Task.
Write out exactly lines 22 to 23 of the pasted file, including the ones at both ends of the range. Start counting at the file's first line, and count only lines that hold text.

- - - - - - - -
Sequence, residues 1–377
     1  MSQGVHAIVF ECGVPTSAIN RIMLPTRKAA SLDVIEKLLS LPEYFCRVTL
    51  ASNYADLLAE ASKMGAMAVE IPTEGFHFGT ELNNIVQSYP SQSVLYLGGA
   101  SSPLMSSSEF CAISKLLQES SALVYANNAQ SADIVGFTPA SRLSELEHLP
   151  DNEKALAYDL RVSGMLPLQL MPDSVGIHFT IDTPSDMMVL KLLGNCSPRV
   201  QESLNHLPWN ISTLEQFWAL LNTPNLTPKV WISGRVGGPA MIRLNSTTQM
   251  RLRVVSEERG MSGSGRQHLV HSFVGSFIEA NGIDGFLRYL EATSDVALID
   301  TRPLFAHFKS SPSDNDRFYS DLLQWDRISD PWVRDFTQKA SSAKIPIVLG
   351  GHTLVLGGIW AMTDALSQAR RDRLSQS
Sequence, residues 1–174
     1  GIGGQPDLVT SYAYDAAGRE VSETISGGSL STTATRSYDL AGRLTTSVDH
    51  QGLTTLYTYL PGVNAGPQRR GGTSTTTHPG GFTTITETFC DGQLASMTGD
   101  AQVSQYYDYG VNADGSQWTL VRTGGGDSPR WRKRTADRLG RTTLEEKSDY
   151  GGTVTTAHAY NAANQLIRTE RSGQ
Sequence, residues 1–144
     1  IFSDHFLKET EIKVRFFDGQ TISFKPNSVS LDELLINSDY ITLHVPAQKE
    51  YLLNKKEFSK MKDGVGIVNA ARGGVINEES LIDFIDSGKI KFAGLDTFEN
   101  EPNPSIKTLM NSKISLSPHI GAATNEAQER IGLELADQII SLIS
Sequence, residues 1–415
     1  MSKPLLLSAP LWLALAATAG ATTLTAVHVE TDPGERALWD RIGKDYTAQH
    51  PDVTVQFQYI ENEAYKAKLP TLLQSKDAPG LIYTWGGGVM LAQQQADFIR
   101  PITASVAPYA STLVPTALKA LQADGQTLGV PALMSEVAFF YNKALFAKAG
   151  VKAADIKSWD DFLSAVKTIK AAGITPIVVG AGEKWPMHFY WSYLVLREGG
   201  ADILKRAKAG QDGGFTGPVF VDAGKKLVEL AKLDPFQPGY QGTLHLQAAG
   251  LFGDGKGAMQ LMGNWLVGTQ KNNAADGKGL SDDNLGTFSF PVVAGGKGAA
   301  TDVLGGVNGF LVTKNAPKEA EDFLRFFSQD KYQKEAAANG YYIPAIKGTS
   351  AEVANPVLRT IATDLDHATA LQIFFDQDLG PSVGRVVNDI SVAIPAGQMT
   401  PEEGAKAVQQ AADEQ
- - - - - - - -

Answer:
   101  PITASVAPYA STLVPTALKA LQADGQTLGV PALMSEVAFF YNKALFAKAG
   151  VKAADIKSWD DFLSAVKTIK AAGITPIVVG AGEKWPMHFY WSYLVLREGG